G20 and Africa: Mixed expectations
Sidi Tiemoko Toure has clear expectations concerning the G20 Africa Partnership Conference to be held next week in Berlin. “I will ask them to help us deal with the issue of youth unemployment,” the youth minister of Ivory Coast said in an interview with DW. “Our youth should no longer think of crossing the Mediterranean where they could possibly meet their death.”
Almost half the population in Ivory Coast lives below the poverty line. About 60 percent are below the age of 24. There are not enough jobs for them.
The Ivorian government hopes that the G20 meeting will bring about change. Ivory Coast is one of the five African countries that are participating in the new Compact with Africa. Partnerships are core to the G20 initiative. To be more attractive to investors, the African countries promise reforms.
For many, that means a lot of work. Ivory Coast occupies position 142 on the “Doing Business” index of the World Bank. This looks at how good the underlying conditions are for companies in different countries worldwide. International organizations and G20 countries support African countries in this financially and technically. They also want to help in the search for investors.
Kole Shettima also thinks the G20’s commitment to Africa is a good idea. “Whether we look at electricity, whether we look at roads, railways or water supply, these are critical infrastructure deficits that we have on the continent,” the Nigerian development expert told DW. Nigeria alone would need between 12 and 15 billion US dollars (10.7 to 13.3 billion euros) annually.
Experts like Shettima hope that initiatives like the Compact can make the necessary investments available. “If we are able to fix some of the infrastructure challenges, the economy in this part of the world would change significantly,” he said.
Experts seek reform of EU-Africa trade
Africa is still lagging far behind, not only in the expansion of infrastructure. The continent’s population is set to double by 2050. Already there are not enough jobs. But Martin Tsonkeu is not convinced that the Compact will bring change.
The development expert from Cameroon says it could be a good initiative but it all depends on how it will be implemented. “When you say private investments will bring jobs, what kind of jobs will private investment bring?” Tsonkeu asked.
From the point of view of many experts, short term contracts and low salaries will not help to significantly reduce poverty in Africa. Investments must help the private economy in Africa to grow, says Tsonkeu “but we do not see this in the Compact.”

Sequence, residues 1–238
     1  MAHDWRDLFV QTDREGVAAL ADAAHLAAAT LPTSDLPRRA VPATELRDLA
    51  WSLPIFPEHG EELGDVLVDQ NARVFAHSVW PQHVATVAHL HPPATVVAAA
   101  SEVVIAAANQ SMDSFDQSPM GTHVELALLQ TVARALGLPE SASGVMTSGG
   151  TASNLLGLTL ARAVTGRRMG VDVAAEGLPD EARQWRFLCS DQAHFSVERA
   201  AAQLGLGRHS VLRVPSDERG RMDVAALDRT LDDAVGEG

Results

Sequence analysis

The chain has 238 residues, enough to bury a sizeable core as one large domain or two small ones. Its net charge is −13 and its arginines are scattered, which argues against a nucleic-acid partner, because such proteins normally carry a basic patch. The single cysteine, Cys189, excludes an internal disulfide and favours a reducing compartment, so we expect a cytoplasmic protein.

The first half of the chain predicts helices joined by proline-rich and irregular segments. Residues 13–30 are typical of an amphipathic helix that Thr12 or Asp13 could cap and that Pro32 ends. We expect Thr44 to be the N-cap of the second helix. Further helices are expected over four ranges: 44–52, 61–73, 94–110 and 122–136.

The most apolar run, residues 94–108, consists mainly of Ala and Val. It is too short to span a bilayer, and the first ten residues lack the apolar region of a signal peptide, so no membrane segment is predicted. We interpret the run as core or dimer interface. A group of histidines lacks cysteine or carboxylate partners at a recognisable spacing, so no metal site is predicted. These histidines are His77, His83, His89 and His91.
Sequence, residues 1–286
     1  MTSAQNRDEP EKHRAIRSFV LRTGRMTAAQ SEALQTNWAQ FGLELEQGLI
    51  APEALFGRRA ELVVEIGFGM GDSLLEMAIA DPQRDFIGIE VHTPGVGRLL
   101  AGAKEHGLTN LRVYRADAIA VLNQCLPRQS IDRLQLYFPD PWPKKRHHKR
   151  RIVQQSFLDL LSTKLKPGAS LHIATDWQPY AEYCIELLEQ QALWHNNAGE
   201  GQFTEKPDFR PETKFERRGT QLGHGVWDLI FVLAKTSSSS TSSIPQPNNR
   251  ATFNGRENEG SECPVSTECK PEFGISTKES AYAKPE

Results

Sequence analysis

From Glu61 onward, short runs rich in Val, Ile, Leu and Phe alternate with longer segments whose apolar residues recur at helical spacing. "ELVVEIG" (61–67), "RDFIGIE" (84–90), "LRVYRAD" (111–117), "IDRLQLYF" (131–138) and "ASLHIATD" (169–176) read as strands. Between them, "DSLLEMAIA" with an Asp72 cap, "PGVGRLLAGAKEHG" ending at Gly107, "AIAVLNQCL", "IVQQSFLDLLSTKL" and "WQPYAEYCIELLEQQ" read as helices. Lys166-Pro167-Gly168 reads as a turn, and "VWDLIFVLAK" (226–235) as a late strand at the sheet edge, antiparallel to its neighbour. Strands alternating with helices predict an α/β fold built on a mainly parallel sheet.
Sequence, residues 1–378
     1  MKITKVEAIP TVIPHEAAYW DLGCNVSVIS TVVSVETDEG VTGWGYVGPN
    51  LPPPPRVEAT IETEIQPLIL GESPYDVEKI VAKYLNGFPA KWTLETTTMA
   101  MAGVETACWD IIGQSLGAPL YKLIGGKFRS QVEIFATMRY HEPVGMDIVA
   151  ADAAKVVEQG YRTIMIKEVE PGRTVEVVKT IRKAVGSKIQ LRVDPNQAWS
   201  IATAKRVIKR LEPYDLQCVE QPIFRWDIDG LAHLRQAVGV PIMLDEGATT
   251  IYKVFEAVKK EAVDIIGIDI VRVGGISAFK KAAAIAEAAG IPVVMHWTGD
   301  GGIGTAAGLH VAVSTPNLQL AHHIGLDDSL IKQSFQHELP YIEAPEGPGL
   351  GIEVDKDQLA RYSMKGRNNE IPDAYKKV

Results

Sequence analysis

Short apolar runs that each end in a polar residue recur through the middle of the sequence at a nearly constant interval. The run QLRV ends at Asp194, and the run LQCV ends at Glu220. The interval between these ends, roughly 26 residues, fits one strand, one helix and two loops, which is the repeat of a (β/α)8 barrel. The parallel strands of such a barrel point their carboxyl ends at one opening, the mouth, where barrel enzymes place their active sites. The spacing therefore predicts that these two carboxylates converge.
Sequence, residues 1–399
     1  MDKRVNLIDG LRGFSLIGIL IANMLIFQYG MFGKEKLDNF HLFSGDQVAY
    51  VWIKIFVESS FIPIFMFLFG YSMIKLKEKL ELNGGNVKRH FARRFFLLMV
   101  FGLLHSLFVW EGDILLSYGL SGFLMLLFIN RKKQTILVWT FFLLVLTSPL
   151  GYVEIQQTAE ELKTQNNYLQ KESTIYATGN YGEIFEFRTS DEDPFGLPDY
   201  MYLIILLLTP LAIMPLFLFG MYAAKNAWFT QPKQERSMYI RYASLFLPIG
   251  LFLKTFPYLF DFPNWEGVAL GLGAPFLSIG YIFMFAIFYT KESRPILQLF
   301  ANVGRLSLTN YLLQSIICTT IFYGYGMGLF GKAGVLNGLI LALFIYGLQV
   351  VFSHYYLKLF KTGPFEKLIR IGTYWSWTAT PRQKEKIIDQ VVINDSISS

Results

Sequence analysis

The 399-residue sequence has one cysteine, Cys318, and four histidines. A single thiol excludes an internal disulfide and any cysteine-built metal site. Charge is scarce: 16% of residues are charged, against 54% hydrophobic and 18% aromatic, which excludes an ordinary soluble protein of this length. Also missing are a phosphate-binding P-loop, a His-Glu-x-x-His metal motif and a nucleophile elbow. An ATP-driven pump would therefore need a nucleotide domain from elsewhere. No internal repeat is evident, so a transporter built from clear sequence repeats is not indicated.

Moreover, the Compact excludes several important points, Tsonkeu added. “Africa urgently needs more trade within itself. But the Compact does not allow this. Maybe they think that investments automatically lead to more trade. What we need is a trade policy that benefits Africa.”
But so far this is missing – not only in the opinion of many development experts. “When I grow my cocoa and I sell it raw, the EU takes it without tariffs. But the minute I produce chocolate and try sell it to the EU, there is a 30 percent tariff,” Ghanaian businessman Tutu Agyare complained during a conference in Berlin a few weeks ago.
“When I try to rear my chickens and start a poultry industry, I get all the leftover parts from the chicken pieces that are not required in Europe dumped in my country so that I cannot develop my own industries.” Agare says there’s no need to offer him a Compact from Germany, if trade issues are left out.
Will Africa profit from the investments?
The focus on private investors also does not please everyone. Ikal Angelei is the Program Coordinator of Friends of Lake Turkana, a Kenyan environmental organization. “We seem to have processes and procedures and frameworks of how to engage governments and international financial institutions when a project they are financing or supporting does not meet the due diligence standards,” he said. “However with private financing, that is where the gap is, because who then do you go to?”
Within the framework of the Compact program, private investors are not required to meet environmental or social standards – unless they participate in projects run by international organizations. African governments are themselves responsible for ensuring,for example, that the minimum wage is paid.
Angelei does not think that this will happen. “Governments are corrupt. This is the reason why many companies come in… but then we allow these companies to offer bribes and corruption deals to our governments so that they can break the rules.”
Many experts are keenly waiting for the moment when the exact terms of the agreement between African countries and Compact partners will be revealed. Only then will it be clear whether the Compact can really contribute to africa’s economic development.